An old idea might be slowly creeping back into the economic mainstream: A four-day work week.
The latest flirtation happened in Japan, where Microsoft's local division tried giving its employees five consecutive Fridays off over the summer — and found sales per employee jumped 40 percent during the period. Meeting times were cut, the office consumed fewer resources, and nearly everyone said they were satisfied with the program.
Nor is Microsoft the first company to find that experiments with shorter work weeks actually improve the bottom line. In fact, a four-day work week could come with all sorts of benefits: In productivity, in lower stress, in happier lives, and in more economic justice.
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Back in the 1930s, the economist John Maynard Keynes famously predicted that work weeks would eventually fall to 15 hours — or roughly two-day weeks — as technology advanced and economies became more productive. The logic for this is pretty simple: If a society increases the amount of wealth an hour of labor can produce, people can take the benefits of that in one of two ways: They can work more and take home more income, or they can take the same income home and work less.
Of course, it hasn't worked out that way. Advanced economies have cut the amount of hours their workers put in each year by all sorts of amounts. At the cutting edge, the Netherlands has roughly a four-day work week already. But most advanced countries fall well short of that mark, never mind two-day weeks.
And none fall shorter than America. As my colleague Ryan Cooper lays out in a new paper, America barely reduced hours for its average employee at all over the last five decades. As much as news stories paint Japan as overworked, the U.S. is even worse: In 2016, the average American put in 1,781 hours on the job — more than any other advanced nation. The amount of GDP we produce per hour is greater than just about any other developed Western economy. But the total hours we work is much higher. We haven't translated more productivity into more leisure at all.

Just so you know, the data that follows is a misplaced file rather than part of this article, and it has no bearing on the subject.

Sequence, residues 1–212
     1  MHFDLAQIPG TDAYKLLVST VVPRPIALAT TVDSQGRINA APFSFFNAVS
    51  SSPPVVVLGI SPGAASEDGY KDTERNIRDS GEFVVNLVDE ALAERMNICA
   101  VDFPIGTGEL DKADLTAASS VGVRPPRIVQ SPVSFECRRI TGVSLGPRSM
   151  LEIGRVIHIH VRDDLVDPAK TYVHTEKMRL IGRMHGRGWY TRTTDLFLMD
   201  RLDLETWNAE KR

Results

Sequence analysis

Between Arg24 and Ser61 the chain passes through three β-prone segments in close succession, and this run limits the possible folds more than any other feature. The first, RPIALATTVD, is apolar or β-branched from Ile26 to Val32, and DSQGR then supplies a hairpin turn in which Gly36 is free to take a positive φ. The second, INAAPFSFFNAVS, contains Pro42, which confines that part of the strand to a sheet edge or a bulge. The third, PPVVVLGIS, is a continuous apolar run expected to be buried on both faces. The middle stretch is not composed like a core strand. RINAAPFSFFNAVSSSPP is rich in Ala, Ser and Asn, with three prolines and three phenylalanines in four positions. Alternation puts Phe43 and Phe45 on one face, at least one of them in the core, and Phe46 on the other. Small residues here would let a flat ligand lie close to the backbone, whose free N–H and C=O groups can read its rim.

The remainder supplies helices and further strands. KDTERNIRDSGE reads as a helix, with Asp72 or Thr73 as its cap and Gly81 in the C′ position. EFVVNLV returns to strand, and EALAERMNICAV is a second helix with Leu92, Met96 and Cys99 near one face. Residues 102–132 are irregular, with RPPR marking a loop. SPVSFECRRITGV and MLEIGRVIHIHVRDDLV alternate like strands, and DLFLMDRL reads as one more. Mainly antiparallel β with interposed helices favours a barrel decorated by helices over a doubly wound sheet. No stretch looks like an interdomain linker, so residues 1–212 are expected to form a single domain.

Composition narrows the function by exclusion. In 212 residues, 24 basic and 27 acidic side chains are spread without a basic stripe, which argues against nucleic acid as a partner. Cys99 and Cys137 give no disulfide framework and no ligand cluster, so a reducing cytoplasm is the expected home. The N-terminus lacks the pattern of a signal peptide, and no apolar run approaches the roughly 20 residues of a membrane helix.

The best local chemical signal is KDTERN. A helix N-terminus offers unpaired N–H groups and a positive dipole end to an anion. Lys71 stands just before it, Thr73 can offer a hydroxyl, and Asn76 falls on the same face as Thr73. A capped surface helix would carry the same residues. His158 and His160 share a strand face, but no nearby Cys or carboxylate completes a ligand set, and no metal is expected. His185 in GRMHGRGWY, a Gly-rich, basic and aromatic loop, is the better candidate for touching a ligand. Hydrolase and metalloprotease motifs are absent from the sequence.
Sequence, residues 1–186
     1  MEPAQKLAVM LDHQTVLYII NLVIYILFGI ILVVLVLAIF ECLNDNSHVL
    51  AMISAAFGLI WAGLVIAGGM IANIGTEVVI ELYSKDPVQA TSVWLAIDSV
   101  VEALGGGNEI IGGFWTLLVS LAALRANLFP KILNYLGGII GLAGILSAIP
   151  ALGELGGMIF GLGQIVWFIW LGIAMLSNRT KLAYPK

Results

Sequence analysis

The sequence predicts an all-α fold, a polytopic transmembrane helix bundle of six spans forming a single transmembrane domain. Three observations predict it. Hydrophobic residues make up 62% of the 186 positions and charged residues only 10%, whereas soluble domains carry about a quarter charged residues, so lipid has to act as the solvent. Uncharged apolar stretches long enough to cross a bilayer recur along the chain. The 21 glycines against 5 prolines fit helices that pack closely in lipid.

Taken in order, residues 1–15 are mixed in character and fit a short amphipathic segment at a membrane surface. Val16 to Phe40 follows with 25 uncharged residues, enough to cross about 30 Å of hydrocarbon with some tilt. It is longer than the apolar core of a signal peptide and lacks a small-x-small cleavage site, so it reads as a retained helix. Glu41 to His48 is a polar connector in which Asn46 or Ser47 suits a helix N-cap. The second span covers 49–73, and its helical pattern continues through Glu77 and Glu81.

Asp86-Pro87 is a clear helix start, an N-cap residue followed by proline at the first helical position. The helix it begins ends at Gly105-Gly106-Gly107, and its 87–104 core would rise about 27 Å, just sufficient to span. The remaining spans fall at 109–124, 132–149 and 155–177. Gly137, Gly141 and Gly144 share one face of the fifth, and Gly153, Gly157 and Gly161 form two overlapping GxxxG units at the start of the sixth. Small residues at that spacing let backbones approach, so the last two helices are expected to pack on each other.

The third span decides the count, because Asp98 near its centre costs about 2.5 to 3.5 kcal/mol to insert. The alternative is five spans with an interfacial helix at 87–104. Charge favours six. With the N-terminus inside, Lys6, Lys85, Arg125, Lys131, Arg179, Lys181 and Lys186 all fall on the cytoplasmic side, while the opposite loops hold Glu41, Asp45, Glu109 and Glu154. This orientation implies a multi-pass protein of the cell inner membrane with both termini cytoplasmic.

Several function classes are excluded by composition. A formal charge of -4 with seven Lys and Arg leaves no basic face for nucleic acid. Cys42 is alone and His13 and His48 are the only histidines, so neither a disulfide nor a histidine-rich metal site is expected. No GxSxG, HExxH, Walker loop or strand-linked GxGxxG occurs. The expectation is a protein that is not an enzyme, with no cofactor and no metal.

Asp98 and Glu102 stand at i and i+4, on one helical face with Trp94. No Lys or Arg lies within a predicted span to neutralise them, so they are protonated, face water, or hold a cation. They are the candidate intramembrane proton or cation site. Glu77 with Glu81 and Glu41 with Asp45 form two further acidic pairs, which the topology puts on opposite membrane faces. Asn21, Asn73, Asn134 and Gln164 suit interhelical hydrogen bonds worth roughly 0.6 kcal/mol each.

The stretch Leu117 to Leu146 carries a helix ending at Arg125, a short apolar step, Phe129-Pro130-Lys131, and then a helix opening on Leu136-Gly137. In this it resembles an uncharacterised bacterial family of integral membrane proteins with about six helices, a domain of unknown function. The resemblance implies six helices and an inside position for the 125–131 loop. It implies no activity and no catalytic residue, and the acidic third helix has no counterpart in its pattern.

In fact, Cooper calculated that if we had reduced our hours worked as much as other countries that produce similar amounts of GDP per hour of labor, Americans would already have the equivalent of three Fridays off every month.
What happened? Part of it, obviously, is we took some of that increased productivity as income instead. Economic wealth per person is much higher in the U.S. and other advanced countries today than it used to be. But another answer is inequality: It's been rising across the West, and much more severely in America than in most countries. That story about how people can take more income for the same hours, or the same income for fewer hours? It only works if the gains from productivity are shared equally. Rising inequality means they’re not. Thus, many working Americans aren't getting fewer hours or more income — they're working as hard as ever and their wages are stagnating.
A lot of people are working full 40-hour weeks — or much more, in a lot of instances — not because their company needs that labor time, but simply because they need to do so to bring home enough income to get by. Which implies their hours could be cut, but their pay maintained, without any loss to the bottom line — not to mention a decrease in stress and burnout.